Here, the plaintiff claims that the defendant repeatedly ratified the fiduciary arrangement by informal statements and part payment. (SAC ¶ 87.) Although the defendant denies that these payments were ever made, and denies that he acknowledged a debt, the Court accepts the plaintiff's allegations for the purposes of this motion to dismiss. The allegations, however, are insufficient to establish that the defendant unequivocally acknowledged that a debt was due such that the part payment would revive the statute of limitations. The plaintiff does not allege that the payments by the defendant were accompanied by statements acknowledging the debt. The plaintiff's allegations that the defendant ratified the debt, without more, do not permit the Court to infer that the defendant intended unequivocally to

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satisfy the debt. Instead, the plaintiff's allegations— unsupported by any statements attributable to the defendant, dates of when or how these payments were made, or other specific factual allegations— would require the Court to invent factual allegations that the plaintiff has not pleaded. See Chavis, 618 F.3d at 170. Indeed, it would be utterly implausible that alleged monthly payments of five-hundred dollars were an acknowledgment of a debt or a statement to pay a debt that the plaintiff claims was three million dollars. Accordingly, the plaintiff has failed to satisfy the pleading requirements of Rule 12(b)(6) and his claim must be dismissed.[1]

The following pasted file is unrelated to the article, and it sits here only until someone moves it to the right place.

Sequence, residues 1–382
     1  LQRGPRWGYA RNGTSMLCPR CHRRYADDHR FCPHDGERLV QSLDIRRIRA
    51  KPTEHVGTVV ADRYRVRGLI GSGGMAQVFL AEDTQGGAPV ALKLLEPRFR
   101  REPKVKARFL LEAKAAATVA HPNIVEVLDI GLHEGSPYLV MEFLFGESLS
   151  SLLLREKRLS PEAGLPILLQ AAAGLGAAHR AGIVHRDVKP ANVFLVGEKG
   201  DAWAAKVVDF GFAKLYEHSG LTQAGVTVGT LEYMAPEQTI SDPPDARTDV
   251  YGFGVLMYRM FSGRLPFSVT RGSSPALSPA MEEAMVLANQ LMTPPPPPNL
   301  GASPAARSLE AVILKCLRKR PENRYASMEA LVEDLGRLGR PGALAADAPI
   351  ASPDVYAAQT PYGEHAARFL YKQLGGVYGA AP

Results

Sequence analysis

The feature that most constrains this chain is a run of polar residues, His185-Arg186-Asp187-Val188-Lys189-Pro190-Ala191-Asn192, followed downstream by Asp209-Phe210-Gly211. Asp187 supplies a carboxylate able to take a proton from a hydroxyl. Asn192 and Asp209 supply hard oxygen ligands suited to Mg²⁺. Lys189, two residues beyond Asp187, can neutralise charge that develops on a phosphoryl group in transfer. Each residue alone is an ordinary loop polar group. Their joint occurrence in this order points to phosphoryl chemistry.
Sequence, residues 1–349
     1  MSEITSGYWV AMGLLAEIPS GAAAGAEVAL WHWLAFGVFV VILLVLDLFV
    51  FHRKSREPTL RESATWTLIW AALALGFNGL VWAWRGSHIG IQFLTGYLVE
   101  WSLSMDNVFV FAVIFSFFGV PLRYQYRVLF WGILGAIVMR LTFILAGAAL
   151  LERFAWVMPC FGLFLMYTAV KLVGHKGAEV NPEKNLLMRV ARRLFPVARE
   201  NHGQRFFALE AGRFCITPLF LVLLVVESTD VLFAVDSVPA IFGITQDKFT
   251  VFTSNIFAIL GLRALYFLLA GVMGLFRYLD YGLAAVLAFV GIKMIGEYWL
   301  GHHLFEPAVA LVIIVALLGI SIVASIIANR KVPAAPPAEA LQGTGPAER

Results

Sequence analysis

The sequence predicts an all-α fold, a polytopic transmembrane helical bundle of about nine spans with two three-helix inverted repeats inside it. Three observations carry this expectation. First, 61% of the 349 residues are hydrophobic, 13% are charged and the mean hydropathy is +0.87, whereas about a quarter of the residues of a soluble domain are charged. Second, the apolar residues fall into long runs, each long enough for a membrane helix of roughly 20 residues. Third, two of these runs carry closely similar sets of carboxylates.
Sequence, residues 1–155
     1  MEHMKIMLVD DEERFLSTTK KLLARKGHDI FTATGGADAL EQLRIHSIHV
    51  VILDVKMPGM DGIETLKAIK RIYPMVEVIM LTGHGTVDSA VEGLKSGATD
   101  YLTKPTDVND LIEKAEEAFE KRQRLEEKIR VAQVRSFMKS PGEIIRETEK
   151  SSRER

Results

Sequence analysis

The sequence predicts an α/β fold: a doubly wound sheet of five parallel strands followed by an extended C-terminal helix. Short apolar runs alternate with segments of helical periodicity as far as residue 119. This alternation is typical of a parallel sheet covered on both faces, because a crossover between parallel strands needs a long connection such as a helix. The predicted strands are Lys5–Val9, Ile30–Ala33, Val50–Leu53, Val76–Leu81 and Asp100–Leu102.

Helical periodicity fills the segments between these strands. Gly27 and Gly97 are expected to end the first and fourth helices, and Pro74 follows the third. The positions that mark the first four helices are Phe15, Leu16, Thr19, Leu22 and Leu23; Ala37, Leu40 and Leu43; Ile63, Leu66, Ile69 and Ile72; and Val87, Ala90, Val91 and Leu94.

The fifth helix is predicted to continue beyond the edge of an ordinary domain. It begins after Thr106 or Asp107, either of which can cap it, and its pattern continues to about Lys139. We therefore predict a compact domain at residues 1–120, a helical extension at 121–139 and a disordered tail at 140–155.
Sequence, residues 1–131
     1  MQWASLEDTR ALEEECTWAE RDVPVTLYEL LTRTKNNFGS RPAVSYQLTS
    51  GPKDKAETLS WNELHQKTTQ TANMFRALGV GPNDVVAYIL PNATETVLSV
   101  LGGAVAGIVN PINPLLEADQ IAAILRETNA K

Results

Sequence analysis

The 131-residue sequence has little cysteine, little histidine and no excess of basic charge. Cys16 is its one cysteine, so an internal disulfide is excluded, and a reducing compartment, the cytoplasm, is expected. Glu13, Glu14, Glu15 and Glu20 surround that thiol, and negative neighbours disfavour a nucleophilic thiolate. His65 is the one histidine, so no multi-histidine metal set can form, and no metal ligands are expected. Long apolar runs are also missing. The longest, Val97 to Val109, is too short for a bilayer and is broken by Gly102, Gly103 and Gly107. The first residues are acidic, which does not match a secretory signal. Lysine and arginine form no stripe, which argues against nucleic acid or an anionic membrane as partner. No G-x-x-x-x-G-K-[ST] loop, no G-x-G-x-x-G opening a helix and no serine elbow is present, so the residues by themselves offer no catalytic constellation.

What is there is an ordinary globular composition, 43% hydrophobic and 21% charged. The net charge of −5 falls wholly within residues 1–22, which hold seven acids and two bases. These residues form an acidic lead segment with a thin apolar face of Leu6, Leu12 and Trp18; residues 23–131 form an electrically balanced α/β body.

Because the plaintiff has failed to state a claim after three opportunities to do so, the Second Amended Complaint is dismissed with prejudice. See Abu Dhabi Commercial Bank v. Morgan Stanley & Co., No. 08 Civ. 7508, 2009 WL 3346674, at *2 (S.D.N.Y. Oct. 15, 2009) (" [A] dismissal with prejudice is generally appropriate where a court puts a plaintiff on notice of a complaint's deficiencies and the plaintiff fails to correct those deficiencies after amendment." ).